Bacterial vaginosis or BV (formerly known as non-specific vaginitis, Gardnerella vaginitis, or Haemophilus vaginitis) is a common vaginal condition. It is thought to be caused by an overgrowth of Gardnerella vaginalis and certain other bacteria often found in the vaginal fluid.
Most women with this problem will complain of an increased amount of vaginal discharge. It is usually thin and watery, and white or grayish in color. Commonly, the discharge has a foul, unpleasant odor. The odor is often stronger after sexual intercourse. Mild vaginal itching or irritation may occur due to increased moisture accumulating in the genitals. These symptoms may be similar to a yeast or a Trichomonas infection. As the symptoms may be mild or intermittent, many women will have the condition for weeks or months before seeking advice. Bacterial vaginosis does not cause pelvic pain, unusual bleeding, or fever.
The diagnosis is made in the clinic on the basis of the appearance and microscopic examination of the vaginal discharge.
Usually only women with symptoms require treatment. Sometimes it resolves spontaneously. When treatment is indicated, studies show the most effective treatment is the oral antimicrobial drug metronidazole or vaginal metronidazole or clindamycin. One should not drink alcoholic beverages while taking metronidazole as even small amounts of alcohol may cause abdominal distress, nausea, vomiting, flushing or headaches. Loose clothing, cotton underwear and good hygiene help reduce the irritating moisture. Even with effective treatment, recurrences are common.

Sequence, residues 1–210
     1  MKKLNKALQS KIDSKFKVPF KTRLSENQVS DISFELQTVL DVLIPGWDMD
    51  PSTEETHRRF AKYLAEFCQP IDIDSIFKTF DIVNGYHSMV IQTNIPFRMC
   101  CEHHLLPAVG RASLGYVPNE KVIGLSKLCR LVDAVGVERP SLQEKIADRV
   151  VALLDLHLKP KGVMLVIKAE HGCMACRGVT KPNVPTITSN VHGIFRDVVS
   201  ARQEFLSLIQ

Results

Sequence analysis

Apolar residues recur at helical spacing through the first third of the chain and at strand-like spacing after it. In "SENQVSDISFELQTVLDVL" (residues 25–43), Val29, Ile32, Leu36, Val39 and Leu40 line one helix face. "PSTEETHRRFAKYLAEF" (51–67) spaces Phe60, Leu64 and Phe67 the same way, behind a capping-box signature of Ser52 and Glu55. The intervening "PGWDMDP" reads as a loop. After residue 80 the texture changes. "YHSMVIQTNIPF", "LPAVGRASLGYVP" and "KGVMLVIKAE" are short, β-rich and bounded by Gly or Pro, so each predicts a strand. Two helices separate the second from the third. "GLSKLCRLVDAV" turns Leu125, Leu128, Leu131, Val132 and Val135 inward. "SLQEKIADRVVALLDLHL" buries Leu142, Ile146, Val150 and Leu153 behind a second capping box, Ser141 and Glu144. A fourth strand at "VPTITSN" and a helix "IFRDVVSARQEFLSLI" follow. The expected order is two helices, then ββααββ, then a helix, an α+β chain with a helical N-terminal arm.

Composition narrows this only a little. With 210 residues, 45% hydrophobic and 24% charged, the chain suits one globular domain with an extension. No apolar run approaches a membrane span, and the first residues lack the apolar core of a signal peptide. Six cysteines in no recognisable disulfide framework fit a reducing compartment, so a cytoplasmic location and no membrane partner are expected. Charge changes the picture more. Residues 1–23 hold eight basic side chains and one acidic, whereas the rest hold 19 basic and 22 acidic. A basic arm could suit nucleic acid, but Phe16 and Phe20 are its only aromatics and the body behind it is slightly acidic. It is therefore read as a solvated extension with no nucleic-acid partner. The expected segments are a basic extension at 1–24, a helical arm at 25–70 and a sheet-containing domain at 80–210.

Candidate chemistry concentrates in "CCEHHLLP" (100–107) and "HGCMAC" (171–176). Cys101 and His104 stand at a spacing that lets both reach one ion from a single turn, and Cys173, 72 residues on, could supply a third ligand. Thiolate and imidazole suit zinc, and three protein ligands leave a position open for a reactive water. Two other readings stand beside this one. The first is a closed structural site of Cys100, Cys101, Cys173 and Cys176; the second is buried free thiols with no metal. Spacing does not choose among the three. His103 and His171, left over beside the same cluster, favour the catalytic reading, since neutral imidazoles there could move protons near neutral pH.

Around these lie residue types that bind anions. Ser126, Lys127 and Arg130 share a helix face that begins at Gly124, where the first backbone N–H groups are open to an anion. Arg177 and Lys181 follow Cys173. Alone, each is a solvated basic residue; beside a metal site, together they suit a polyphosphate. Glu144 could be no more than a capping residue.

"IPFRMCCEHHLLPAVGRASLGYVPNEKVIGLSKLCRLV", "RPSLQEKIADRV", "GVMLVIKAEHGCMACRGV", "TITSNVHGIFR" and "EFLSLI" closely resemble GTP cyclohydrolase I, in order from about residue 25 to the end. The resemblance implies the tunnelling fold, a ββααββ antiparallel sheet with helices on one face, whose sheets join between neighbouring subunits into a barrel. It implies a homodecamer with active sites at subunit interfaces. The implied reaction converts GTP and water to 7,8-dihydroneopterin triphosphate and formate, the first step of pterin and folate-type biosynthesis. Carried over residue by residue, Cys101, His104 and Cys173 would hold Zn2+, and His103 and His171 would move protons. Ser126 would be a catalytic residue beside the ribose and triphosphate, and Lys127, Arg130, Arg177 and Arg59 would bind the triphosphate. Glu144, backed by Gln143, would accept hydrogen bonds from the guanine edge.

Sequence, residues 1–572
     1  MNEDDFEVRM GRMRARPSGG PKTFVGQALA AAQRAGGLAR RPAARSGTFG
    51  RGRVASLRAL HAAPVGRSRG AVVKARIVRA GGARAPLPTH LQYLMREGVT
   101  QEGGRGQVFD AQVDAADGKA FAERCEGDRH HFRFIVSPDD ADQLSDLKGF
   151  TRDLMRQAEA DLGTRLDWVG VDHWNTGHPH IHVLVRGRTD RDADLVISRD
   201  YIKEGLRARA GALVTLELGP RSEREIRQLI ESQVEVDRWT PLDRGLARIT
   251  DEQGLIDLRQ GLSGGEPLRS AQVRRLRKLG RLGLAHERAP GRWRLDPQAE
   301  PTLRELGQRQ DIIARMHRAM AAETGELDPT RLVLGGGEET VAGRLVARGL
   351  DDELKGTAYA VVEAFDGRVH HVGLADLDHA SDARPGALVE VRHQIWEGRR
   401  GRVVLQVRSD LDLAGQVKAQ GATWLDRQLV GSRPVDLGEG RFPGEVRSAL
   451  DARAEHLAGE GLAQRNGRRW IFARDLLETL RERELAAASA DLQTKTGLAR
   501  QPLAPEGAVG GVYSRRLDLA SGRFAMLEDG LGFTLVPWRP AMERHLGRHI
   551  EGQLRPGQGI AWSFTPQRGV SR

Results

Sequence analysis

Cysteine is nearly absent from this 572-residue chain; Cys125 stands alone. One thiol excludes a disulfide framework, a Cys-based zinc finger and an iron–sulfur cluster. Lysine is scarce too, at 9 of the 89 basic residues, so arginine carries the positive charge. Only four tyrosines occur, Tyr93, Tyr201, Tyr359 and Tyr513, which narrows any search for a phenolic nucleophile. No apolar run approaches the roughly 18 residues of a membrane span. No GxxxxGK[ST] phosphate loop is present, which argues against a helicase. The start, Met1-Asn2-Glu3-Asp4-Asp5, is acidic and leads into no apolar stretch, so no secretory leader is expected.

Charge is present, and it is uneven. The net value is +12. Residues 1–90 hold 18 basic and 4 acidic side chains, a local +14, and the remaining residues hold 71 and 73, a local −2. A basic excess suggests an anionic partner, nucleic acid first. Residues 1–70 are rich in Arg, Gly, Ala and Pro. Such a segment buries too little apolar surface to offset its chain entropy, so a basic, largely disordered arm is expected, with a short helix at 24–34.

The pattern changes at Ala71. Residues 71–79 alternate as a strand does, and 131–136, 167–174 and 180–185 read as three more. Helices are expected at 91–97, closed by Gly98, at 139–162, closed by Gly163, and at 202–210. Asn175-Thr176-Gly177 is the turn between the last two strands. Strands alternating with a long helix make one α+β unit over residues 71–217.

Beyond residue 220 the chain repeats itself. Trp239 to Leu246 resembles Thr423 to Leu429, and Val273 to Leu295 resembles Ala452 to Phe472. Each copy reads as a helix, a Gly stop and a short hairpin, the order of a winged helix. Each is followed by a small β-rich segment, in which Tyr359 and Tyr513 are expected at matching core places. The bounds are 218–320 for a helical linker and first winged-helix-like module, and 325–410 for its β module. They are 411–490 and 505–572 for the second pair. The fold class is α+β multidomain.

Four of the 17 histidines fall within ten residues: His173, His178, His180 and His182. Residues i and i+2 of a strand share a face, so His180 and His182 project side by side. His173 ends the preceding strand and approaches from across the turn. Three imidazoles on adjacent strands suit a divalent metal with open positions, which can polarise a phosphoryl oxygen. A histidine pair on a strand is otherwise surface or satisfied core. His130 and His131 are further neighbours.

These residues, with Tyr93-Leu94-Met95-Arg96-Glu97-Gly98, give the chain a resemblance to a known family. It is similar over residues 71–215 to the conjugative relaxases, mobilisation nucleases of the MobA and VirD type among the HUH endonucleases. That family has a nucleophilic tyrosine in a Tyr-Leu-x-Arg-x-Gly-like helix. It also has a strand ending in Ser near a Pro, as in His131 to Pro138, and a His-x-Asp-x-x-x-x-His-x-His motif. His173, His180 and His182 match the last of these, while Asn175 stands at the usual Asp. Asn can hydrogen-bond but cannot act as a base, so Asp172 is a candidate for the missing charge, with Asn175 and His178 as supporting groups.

In the woman who is not pregnant, there is no evidence that BV is harmful in any way except for the symptoms. However, if a pregnant woman has untreated BV, her risk of delivering a premature, low birth weight infant increases by 40%. If a woman with BV chooses to have an abortion, her BV should be treated prior to the procedure, or she will be at risk of developing pelvic inflammatory disease (PID) after the abortion.
There are a number of theories but this can't be answered for certain right now. Many women (one study showed 40 - 50%) normally carry these bacteria in the vagina in small numbers without any problems. Under certain conditions as yet undefined, the organisms multiply and then cause the annoying discharge and odor. At this time, there is no evidence that the condition is sexually transmitted. Males do not get symptoms. Studies show that treatment of male partners has no effect on treatment outcome for the female.
If you have any questions, you may call the consulting nurse service for further information.